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Larry Brown's trek visits Huntington

CHARLESTON, W.Va. -- In all his wide, wide experience as a player and a coach, Larry Brown has come across Marshall more than a few times.

Actually, he is privy to one of the more obscure, entertaining trivia items in Thundering Herd history.

"[Actor/comedian] Billy Crystal is from my hometown [Long Beach, N.Y.], and he had a baseball scholarship to Marshall," Brown said Tuesday. "He's like family to me."

More evidence of a small world: One of Brown's assistants from his Kansas days was John Calipari, which automatically links him to former MU athletic director Bob Marcum. (Calipari, now coaching at Kentucky, worked for Marcum at Massachusetts, and the two have remained close since.)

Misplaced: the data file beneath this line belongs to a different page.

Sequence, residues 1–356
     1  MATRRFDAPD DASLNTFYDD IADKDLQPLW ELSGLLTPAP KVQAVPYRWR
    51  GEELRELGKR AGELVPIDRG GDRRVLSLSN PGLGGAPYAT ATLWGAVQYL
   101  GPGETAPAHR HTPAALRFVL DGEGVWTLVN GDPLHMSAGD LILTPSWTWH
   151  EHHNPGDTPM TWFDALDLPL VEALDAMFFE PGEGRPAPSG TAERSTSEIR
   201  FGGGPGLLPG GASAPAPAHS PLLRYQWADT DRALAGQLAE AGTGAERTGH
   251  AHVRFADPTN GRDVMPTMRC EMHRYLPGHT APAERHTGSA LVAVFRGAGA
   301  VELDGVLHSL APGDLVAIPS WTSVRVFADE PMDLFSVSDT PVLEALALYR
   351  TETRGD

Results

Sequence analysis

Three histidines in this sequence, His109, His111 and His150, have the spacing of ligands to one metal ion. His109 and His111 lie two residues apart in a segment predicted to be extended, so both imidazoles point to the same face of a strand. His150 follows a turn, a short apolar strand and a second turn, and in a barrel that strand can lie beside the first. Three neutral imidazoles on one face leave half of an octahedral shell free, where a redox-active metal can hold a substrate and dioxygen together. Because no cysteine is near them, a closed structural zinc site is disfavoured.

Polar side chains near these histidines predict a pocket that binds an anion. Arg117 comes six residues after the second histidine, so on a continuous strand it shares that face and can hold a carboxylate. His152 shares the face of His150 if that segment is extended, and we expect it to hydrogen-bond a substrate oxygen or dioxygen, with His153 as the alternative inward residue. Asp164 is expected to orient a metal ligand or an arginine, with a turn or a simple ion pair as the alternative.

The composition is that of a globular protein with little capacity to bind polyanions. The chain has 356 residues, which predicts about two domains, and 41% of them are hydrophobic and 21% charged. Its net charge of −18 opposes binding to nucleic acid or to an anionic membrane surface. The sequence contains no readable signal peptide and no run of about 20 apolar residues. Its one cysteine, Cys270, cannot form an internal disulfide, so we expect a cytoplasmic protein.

Brown is a big fan of Mike D'Antoni, the early 1970s Marshall point guard and current Los Angeles Lakers coach. He counts Charlie Slack, the Herd's rebounding machine of the 1950s, among his friends from his playing days. He enjoyed the movie "We Are Marshall."

When Brown was coaching the New York Knicks, that put him in preseason camp at the College of Charleston - and did so at a time Tom Herrion was coaching the Cougars.

Tonight, Brown and Herrion renew acquaintances at Cam Henderson Center, as Brown's Southern Methodist team arrives for a Conference USA contest at 7 against Herrion's Herd.

With the bulk of his coaching career in the pro ranks, Brown has yet to coach a game in Huntington. Tonight's patrons will get a rare chance to see the only coach to win an NCAA championship (Kansas, 1988) and an NBA title (Detroit Pistons, 2004), and a member of the Basketball Hall of Fame.